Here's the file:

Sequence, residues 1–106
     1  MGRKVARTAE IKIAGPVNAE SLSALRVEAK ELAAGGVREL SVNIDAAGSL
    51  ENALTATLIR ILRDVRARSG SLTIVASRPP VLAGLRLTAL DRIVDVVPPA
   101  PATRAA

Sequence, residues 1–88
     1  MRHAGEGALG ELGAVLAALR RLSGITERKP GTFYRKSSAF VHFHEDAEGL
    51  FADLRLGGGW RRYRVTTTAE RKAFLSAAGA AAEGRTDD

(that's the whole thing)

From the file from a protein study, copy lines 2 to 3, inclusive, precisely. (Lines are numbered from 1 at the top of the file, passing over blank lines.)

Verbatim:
     1  MGRKVARTAE IKIAGPVNAE SLSALRVEAK ELAAGGVREL SVNIDAAGSL
    51  ENALTATLIR ILRDVRARSG SLTIVASRPP VLAGLRLTAL DRIVDVVPPA